Offshore oil drilling
Until a 30-year moratorium expired in 2012, oil exploration and drilling off our Atlantic and Pacific coasts had been prohibited. However, by recently approving the use of sonic cannons to locate energy deposits deep beneath the ocean floor, our current administration has recently decided to allow oil exploration and drilling off our Atlantic coast. It has estimated that about 5 billion barrels of recoverable oil and 38 trillion cubic feet of recoverable natural gas lie beneath federal waters from Florida to Maine. Even so, past court decisions have upheld the right of a state to ban drilling if it threatens its coast or fisheries. Unhappy environmentalists are worried about the use of sonic cannons, which shoot sound waves 100 times louder than a jet engine, into waters shared by whales and turtles. They, along with fishing and tourism advocates, fear an oil spill or accident could irreparably damage coastal ecosystems along with the industries they support. The memory of the ecosystem damage resulting from BP’s 210 million gallon Gulf oil spill in 2010 is still fresh in the minds of many. They claim these ecosystems have still not recovered, and say there remain many risks in the business of deepwater drilling which oil companies are not prepared for.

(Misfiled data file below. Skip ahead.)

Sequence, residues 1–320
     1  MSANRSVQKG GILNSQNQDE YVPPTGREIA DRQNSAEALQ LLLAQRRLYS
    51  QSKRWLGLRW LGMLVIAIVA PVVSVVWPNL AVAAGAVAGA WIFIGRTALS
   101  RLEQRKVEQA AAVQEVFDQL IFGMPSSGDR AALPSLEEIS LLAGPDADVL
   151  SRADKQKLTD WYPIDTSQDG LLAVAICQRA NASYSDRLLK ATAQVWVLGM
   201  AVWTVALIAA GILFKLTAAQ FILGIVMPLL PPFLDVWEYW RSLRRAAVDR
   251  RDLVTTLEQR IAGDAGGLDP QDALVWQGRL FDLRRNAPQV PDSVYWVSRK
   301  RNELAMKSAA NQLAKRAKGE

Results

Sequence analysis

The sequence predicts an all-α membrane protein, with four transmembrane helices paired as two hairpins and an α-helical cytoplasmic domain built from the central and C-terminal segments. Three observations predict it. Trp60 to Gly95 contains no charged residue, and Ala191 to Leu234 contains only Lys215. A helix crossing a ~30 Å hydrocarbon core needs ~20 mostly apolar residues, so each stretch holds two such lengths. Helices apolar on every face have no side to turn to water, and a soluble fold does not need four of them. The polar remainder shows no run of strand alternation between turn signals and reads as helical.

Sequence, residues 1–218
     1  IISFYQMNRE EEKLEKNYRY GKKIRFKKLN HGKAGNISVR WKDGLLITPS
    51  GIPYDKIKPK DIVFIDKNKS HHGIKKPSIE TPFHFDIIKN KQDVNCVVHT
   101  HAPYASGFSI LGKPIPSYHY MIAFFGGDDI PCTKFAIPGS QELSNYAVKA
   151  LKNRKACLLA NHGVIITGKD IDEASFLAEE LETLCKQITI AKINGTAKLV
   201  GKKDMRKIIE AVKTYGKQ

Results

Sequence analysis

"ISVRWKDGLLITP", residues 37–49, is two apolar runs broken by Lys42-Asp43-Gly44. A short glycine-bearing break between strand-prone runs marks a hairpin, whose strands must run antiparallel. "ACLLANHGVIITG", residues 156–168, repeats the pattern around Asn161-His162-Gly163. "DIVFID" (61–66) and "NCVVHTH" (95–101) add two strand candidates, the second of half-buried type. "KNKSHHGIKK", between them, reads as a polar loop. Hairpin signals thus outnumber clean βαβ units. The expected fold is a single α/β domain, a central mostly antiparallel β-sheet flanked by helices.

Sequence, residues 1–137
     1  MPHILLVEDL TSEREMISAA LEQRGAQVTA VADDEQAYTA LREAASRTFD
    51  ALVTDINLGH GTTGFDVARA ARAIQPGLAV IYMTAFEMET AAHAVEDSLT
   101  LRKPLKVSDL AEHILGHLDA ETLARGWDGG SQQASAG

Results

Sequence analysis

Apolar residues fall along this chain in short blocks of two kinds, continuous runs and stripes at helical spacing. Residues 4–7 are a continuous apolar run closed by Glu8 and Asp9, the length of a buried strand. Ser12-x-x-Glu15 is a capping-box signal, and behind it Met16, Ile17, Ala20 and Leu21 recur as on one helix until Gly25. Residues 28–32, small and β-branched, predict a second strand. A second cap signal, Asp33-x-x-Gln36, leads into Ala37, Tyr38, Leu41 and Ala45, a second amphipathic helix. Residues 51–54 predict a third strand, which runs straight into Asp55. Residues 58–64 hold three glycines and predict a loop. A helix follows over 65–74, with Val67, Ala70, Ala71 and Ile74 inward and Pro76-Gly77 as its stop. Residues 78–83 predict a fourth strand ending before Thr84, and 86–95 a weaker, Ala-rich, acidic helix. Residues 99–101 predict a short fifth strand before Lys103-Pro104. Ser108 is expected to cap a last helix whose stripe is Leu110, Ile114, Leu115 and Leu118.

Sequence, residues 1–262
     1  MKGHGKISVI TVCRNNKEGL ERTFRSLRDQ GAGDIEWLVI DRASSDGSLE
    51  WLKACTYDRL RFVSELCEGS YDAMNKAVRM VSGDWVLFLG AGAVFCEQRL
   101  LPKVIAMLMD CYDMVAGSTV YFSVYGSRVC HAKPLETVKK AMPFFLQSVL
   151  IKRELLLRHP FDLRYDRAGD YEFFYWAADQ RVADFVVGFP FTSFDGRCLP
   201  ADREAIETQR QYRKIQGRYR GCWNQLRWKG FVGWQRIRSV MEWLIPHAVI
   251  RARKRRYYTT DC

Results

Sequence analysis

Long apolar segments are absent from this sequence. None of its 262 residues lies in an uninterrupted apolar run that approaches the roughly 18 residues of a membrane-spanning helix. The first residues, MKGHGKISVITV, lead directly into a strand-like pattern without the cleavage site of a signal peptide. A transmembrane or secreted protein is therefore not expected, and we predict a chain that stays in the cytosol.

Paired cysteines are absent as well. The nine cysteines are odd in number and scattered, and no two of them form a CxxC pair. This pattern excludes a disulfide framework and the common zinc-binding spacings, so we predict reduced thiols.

Pending Legislation:
H.R.1330 - American-Made Energy and Infrastructure Jobs Act
H.R.1977 - Clean Ocean and Safe Tourism Anti-Drilling Act

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Poll Opening Date
May 21, 2020
Poll Closing Date
May 27, 2020

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